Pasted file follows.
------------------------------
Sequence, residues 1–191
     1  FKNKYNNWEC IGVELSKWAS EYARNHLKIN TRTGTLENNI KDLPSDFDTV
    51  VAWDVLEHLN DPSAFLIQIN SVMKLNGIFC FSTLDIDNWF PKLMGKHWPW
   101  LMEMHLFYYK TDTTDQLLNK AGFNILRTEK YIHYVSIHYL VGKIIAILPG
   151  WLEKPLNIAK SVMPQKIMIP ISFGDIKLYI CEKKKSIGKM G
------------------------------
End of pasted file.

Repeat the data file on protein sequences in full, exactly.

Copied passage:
Sequence, residues 1–191
     1  FKNKYNNWEC IGVELSKWAS EYARNHLKIN TRTGTLENNI KDLPSDFDTV
    51  VAWDVLEHLN DPSAFLIQIN SVMKLNGIFC FSTLDIDNWF PKLMGKHWPW
   101  LMEMHLFYYK TDTTDQLLNK AGFNILRTEK YIHYVSIHYL VGKIIAILPG
   151  WLEKPLNIAK SVMPQKIMIP ISFGDIKLYI CEKKKSIGKM G